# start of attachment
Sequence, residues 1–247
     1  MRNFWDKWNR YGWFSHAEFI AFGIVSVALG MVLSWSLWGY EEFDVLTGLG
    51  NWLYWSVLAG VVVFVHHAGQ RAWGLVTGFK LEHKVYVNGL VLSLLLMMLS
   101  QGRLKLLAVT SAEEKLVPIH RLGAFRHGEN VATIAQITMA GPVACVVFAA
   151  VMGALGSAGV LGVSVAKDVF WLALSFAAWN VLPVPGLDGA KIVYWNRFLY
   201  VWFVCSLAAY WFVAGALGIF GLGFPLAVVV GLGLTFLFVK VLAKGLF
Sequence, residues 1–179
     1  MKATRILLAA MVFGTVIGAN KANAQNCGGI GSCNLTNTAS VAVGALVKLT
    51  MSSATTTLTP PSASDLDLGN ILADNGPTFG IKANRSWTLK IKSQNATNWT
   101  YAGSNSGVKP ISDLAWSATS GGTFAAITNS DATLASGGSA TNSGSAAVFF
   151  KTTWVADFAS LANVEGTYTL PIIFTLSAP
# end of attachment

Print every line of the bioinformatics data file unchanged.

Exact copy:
Sequence, residues 1–247
     1  MRNFWDKWNR YGWFSHAEFI AFGIVSVALG MVLSWSLWGY EEFDVLTGLG
    51  NWLYWSVLAG VVVFVHHAGQ RAWGLVTGFK LEHKVYVNGL VLSLLLMMLS
   101  QGRLKLLAVT SAEEKLVPIH RLGAFRHGEN VATIAQITMA GPVACVVFAA
   151  VMGALGSAGV LGVSVAKDVF WLALSFAAWN VLPVPGLDGA KIVYWNRFLY
   201  VWFVCSLAAY WFVAGALGIF GLGFPLAVVV GLGLTFLFVK VLAKGLF
Sequence, residues 1–179
     1  MKATRILLAA MVFGTVIGAN KANAQNCGGI GSCNLTNTAS VAVGALVKLT
    51  MSSATTTLTP PSASDLDLGN ILADNGPTFG IKANRSWTLK IKSQNATNWT
   101  YAGSNSGVKP ISDLAWSATS GGTFAAITNS DATLASGGSA TNSGSAAVFF
   151  KTTWVADFAS LANVEGTYTL PIIFTLSAP